AIA has undergone two years of extensive trials to gain insights on rehabilitation in life insurance.

“We believe helping to get claimants back to work is a great outcome for the claimant and a win for everyone involved. It improves the morale of the employer and their workplace, and crucially, the claimant themselves,” said Damien Mu, general manager of life insurance at AIA.

The business has done extensive trials over the last two years to gain insights on effective rehabilitation with partners, with a focus on early intervention through planning, restructuring the claims team, and recruitment of allied health professionals to align with its objectives, according to Mu.

He said early intervention by AIA’s rehab and claims teams have led to increased return-to-work rates, either to the same employer or a new employer. There has also been a decreased claims duration.

“Employers have had their staff resume work in a more timely fashion, which means a reduction in human resource and training costs. It also adds a lot of value to staff morale and engagement in the workplace,” said Mu.

AIA’s rehab team consists of six health professionals, including occupational therapists, physiotherapists and rehabilitation counsellors.

“The rehabilitation team coordinates a program to improve the claimant’s chances of recovery, increased abilities and eventually stepping back into the workforce,” said Mu.

This is just one initiative AIA Australia is focusing on with its group partners. Mu said the life insurance industry has experienced a great deal of change and has had to evolve as benefits, number of insured and customer needs have changed.

“This has ultimately resulted in more people being covered, more claims paid and more benefits and innovative features incorporated into products,” Mu said.

He argued there needs to be a continued focus on developing solutions for consumers, in order to ensure more Australian lives are protected, and to maintain relevance.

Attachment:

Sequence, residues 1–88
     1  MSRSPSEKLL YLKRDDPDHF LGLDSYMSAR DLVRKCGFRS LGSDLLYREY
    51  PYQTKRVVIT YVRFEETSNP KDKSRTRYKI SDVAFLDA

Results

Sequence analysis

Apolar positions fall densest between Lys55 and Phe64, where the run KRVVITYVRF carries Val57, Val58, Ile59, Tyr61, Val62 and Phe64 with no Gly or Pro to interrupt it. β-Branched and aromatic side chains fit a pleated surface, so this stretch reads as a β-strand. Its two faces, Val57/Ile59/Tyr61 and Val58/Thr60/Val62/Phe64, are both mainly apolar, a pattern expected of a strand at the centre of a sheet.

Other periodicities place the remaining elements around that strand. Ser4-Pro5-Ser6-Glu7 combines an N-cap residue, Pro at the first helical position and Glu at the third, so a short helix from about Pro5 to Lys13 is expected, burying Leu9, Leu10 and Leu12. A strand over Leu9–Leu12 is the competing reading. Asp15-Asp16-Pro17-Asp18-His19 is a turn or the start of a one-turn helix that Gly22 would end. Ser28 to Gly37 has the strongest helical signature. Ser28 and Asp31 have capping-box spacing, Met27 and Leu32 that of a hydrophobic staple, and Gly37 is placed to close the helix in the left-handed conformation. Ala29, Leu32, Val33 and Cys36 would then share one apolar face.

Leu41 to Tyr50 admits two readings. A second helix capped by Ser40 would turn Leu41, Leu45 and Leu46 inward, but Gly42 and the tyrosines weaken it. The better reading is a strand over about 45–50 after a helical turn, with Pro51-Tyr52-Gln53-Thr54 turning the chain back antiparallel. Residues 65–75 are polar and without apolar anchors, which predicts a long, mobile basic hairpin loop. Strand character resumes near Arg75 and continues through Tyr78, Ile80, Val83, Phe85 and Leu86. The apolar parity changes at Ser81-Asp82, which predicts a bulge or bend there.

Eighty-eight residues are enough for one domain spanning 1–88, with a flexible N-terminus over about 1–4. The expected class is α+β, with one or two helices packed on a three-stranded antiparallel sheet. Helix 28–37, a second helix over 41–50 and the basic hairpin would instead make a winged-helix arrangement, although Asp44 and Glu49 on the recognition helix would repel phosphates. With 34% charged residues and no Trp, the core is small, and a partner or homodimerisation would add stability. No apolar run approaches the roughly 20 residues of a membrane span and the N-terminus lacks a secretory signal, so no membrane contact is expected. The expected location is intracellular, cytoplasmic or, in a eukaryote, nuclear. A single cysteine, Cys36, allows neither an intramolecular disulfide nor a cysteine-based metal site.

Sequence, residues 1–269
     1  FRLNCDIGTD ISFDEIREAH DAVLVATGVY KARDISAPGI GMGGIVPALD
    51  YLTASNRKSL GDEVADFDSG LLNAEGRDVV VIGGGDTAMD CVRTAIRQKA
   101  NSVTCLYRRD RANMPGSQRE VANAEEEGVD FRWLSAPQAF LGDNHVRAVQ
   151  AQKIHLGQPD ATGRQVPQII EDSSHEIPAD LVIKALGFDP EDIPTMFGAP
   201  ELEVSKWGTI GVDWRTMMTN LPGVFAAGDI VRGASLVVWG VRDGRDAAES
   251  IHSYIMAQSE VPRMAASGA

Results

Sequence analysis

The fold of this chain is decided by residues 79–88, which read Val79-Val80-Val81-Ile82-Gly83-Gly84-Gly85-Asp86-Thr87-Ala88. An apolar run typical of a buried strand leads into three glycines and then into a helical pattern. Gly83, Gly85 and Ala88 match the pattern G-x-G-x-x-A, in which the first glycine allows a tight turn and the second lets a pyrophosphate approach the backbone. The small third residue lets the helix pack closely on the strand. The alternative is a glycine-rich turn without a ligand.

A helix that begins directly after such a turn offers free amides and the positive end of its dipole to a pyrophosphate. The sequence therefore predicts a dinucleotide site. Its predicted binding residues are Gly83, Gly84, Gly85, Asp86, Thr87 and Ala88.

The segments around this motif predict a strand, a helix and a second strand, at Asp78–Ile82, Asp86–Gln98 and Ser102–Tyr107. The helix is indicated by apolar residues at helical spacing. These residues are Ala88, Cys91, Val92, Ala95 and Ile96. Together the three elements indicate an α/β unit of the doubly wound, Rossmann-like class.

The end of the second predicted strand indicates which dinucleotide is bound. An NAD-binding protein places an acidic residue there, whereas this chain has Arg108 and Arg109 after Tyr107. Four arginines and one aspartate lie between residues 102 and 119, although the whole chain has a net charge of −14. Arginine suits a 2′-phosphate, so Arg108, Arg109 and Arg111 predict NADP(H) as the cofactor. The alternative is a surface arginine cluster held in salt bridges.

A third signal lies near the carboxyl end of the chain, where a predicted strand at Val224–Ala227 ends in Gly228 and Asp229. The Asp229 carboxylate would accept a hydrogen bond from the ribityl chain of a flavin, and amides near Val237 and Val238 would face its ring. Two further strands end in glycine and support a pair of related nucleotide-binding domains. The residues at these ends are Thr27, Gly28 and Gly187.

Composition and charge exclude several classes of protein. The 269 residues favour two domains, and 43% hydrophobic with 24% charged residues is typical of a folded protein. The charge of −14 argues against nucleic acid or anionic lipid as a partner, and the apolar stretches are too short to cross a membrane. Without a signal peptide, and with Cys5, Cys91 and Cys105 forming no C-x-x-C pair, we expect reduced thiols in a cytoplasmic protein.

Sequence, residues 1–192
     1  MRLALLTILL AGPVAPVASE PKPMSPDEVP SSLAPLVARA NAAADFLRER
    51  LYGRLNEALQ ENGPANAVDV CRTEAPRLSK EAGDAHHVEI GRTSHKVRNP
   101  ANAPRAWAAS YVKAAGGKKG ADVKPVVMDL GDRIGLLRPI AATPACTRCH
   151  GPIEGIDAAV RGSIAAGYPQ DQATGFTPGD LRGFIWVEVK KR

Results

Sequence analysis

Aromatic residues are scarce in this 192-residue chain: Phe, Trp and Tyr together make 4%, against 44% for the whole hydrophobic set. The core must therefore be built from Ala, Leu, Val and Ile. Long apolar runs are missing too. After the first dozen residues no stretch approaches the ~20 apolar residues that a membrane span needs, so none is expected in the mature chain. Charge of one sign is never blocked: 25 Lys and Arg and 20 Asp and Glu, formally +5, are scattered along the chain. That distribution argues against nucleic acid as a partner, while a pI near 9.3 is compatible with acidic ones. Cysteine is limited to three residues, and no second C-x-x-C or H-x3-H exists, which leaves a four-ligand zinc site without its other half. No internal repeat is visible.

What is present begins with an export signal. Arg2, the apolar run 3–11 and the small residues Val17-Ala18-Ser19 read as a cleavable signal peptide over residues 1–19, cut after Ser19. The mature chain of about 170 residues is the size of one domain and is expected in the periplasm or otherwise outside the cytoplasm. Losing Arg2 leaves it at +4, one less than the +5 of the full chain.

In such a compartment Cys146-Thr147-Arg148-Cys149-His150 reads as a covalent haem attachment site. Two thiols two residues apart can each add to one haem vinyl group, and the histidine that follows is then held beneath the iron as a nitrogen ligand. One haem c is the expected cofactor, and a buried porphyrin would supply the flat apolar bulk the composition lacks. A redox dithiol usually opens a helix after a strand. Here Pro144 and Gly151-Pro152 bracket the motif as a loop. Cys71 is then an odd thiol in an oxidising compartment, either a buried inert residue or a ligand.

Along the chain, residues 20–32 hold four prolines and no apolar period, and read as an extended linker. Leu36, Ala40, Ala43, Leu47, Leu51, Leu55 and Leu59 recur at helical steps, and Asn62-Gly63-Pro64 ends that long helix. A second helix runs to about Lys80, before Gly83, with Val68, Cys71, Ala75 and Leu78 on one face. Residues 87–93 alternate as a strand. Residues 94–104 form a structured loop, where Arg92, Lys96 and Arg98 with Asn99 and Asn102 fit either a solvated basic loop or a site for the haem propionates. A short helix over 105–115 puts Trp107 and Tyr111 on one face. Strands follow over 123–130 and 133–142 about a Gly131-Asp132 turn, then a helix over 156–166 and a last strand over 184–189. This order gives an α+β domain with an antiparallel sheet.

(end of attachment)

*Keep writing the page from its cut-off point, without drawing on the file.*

“This is, of course, easier said than done as there are a raft of challenges facing the life insurance industry, some of which are unique to the Australian market, especially around connecting with Australians about the importance of having life insurance,” he said.

A key challenge is the growing number of claims caused by tighter household budgets and a greater willingness to claim.

Mu thinks the rise in claims is partly due to people carrying out research on the internet or through being made more aware by a growing number of TV adverts.

AIA is responding through a more sophisticated approach to pricing and products to meet the demographic variety in Australia.

The superannuation industry needs to balance adequacy and affordability in group insurance, Mu added.

“It is about ensuring that we are as efficient as possible, that we are leveraging technology to bring down the costs of providing benefits.

“There is a balancing act in terms of adequacy and affordability. It is not an easy one to manage.”

Damien Mu will be speaking the AIA/Conexus Financial Group Insurance Summit on August 13 in Sydney



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